“Eating ciccheti seems inextricably tied to Venice’s pedestrian way of life,” writes Sally Spector in Venice & Food. “It is natural for people to run into each other, stop to chat for a moment, going into the nearest bar to have something. There are few, if any, other cities where the ciccheto ritual could take place. One cannot go for cicheti in a car.” Going for ciccheti (Venetian tapas) is “a cheap way to socialize, grab a bite to eat and wonder the best parts of the city, all in one,” notes Emiko Davies in Food52. “And it’s not only an evening thing -- you’ll find bacari are open from early morning onwards.” To get an idea of what you’ll find on a Venetian cicheti plate, Saveur’s rundown is replete with images and recipes of tried and tested favourites.
When Venetians invite each other for ciccheti you may hear them say, prendere un’ombra (literally, let’s grab some ‘shade’). This affectionate colloquialism survives from the 18th century when Venetian wine merchants would set up shop in the shadow of the St Mark’s campanile, moving their wares throughout the day to stay out of the sun. “The world of bacari, ombre, and cicheti is the real Venice,” says Luca Marchiori at Great Italian Chefs, which details a typical Saturday night bacaro (bar) crawl.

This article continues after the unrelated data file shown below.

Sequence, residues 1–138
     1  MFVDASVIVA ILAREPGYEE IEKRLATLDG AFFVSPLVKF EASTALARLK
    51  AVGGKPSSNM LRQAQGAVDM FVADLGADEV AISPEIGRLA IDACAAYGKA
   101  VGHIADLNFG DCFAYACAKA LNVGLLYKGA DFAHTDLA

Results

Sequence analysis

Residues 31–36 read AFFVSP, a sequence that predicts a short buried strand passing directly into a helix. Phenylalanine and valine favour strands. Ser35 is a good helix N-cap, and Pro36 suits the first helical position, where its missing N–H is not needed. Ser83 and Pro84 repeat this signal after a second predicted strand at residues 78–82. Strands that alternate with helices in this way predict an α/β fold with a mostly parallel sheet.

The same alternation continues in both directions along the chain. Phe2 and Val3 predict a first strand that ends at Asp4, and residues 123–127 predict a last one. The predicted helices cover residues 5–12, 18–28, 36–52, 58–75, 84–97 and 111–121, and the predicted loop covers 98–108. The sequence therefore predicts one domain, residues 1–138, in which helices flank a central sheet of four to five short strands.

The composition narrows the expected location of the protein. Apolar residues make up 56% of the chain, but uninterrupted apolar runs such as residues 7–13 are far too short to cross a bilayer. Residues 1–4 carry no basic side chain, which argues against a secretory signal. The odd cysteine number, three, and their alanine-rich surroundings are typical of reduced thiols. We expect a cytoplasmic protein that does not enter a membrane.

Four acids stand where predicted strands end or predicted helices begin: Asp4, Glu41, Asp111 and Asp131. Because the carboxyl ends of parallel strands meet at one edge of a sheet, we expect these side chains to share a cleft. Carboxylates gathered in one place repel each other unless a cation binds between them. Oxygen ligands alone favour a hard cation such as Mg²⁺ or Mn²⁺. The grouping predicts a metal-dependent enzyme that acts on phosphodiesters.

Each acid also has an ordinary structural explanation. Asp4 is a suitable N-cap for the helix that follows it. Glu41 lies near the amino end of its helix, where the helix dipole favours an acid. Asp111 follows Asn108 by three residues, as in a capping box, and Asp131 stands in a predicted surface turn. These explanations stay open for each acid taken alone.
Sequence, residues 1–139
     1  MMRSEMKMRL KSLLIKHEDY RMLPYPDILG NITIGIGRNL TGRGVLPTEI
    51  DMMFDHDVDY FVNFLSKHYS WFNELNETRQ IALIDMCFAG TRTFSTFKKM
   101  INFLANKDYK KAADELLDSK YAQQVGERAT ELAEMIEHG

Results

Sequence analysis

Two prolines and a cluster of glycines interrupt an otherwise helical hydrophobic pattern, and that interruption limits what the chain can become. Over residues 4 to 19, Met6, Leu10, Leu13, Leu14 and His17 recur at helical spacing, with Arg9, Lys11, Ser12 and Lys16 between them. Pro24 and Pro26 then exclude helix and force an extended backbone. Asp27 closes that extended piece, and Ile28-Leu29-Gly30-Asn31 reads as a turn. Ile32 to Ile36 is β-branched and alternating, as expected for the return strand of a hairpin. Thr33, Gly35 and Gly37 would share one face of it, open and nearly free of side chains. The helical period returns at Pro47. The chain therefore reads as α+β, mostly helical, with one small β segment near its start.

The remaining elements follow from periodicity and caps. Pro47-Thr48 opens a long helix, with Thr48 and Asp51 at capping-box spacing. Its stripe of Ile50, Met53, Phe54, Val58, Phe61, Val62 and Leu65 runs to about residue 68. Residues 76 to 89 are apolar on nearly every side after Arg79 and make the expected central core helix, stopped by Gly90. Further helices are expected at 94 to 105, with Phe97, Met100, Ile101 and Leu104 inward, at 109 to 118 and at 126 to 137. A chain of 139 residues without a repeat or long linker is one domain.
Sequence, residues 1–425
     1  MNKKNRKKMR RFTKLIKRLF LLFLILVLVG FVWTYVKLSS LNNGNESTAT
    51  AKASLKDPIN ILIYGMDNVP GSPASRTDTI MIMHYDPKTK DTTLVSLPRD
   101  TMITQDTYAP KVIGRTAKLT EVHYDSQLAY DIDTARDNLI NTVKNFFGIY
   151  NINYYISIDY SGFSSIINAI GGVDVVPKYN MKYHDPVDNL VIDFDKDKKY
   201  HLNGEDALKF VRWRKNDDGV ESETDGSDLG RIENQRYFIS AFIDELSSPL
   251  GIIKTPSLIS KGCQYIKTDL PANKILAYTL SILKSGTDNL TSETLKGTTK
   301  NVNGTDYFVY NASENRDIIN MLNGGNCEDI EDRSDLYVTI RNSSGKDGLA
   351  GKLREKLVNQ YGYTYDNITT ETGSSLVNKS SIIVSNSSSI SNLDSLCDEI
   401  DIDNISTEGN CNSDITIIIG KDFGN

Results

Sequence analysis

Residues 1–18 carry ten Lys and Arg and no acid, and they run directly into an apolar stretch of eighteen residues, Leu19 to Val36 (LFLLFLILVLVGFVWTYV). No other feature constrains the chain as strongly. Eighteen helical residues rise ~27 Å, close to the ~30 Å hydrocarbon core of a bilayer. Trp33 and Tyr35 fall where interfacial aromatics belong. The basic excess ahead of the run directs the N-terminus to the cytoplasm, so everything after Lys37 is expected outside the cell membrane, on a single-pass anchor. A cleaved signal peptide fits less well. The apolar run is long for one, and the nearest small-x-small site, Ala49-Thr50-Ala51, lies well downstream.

And here’s a cicchetti cheat sheet from Lucy Fennings at Mr & Mrs Smith:
Follow your nose: “The best bacari are nothing much to look at – they’re too busy serving customers to care about hipster lighting or natty napery. If there’s a buzz, a crowd spilling onto the pavement, the chatter is mostly Italian, and something tasty catches your eye, go for it.”
Take plenty of cash: “Most local bacari don’t take cards (or don’t take kindly to them); come prepared with plenty (nothing worse than running out just when you’ve spotted some freshly made swordfish carpaccio…).”
Check the daily specials: “There’s almost always a mini set menu based on whatever’s freshest that day (especially near the Rialto fish market); otherwise, just point to individual cicchetti in the cabinet.”
It’s never too early for wine: “Venetians pop in for a mid-morning pick-me-up, a quick post-shopping perk or pre-dinner aperitivo. A tot of wine at 11am is completely acceptable.”
It’s sometimes too late for coffee: “Italians wouldn’t be caught dead drinking a latte after lunchtime.”
Know your baccalà from your bresaola: “Genning up on a few key terms will make it easy to earmark your preferred morsels: Venetian salt-cod baccalà is an unmissable mainstay on cicchetti menus.”
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